- The Washington Times - Tuesday, February 7, 2006

Google Inc. and other Internet companies yesterday urged lawmakers to pass legislation that would prevent telecommunications companies from charging them extra to use high-speed networks.

The telephone and cable companies that build and manage the networks say they should be able to reserve some capacity for their own video delivery and other offerings. Companies that want to market and sell similar services on that backbone should help consumers foot the bill.

Members of the Senate Commerce, Science and Transportation Committee, who are trying to determine whether the Telecommunications Act of 1996 should be changed to keep up with Internet advancements, appeared split.

Some said premature legislation could stifle the marketplace, while others have introduced bills that seek to ensure the networks remain neutral.

“We will not block, impair or degrade content, applications or services,” but businesses seeking to profit on the use of next-generation networks should help pay for them, said Walter McCormick, president and chief executive officer of the U.S. Telecom Association in Washington.

But executives from Google, EBay Inc., Yahoo Inc., and Microsoft Corp., as well as consumer groups and some lawmakers, said future Internet innovation requires a “network neutrality” law.

“Powerful interests own the pipes and access to the Net and they’re trying to break the Net,” said Sen. Ron Wyden, Oregon Democrat. He said he will introduce legislation to prevent network providers from establishing “sweetheart arrangements to play favorites.”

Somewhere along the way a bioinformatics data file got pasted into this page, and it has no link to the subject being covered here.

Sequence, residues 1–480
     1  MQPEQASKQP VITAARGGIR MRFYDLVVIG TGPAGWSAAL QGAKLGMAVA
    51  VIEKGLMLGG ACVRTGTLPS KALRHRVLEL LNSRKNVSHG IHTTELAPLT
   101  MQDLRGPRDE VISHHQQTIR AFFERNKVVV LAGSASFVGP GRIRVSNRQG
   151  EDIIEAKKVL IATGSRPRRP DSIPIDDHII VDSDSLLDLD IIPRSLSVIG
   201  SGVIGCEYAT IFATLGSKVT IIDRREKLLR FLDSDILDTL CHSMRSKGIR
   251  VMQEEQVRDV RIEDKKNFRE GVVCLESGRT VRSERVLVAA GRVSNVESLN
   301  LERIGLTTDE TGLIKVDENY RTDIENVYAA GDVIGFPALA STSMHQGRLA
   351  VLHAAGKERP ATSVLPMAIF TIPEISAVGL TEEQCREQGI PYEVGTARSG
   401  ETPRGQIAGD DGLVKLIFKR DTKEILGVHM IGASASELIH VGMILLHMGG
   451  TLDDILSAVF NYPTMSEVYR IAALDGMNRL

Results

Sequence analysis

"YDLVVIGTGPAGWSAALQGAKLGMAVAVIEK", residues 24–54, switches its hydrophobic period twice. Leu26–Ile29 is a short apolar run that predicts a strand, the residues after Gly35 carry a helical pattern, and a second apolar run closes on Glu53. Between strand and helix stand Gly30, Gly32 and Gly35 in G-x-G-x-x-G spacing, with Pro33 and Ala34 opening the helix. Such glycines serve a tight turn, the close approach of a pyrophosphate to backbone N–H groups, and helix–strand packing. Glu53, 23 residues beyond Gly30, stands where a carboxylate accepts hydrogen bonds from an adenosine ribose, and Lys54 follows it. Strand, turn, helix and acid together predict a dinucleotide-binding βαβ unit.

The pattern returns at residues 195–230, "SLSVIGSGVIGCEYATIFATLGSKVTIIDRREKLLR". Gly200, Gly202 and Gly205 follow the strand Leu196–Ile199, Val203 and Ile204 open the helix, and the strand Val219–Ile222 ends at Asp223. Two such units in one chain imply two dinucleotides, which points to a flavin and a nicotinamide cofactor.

Mr. McCormick said telecommunications companies need incentives to continue to invest billions of dollars in their networks, and legislation is not needed because the Federal Communications Commission has shown it will act swiftly if problems arise.

“We think it’s premature for Congress to legislate in an area where there is no demonstrated problem,” Mr. McCormick said in an interview.

Last year, the FCC imposed fines on a local telephone carrier that was blocking Voice over Internet Protocol service from Vonage, a company that provides telephone service via the Internet.

Vonage Chairman and Chief Executive Officer Jeffrey Citron said some carriers continue to impair his company’s service and he encouraged lawmakers to pass legislation to protect providers and consumers from similar discrimination.

Kyle McSlarrow, president of the National Cable and Telecommunications Association, disagreed: “The right call would be to let the marketplace develop as it has without government regulation.”

But Vinton Cerf, known as one of the fathers of the Internet and who is now vice president at Google, said the future of the Internet is at stake.

“We must ensure network neutrality in order to allow the new Googles, Yahoos and Amazons to form,” Mr. Cerf said, adding that the best way to do that is by increasing competition among broadband network providers.

Millions of Americans have only one broadband provider option, including half of North Dakota’s residents, said Sen. Byron L. Dorgan, North Dakota Democrat.

“I don’t trust the Bell companies. I don’t trust any of them. I want competition,” said Sen. John Ensign, Nevada Republican, who last year introduced legislation designed to boost broadband competition.

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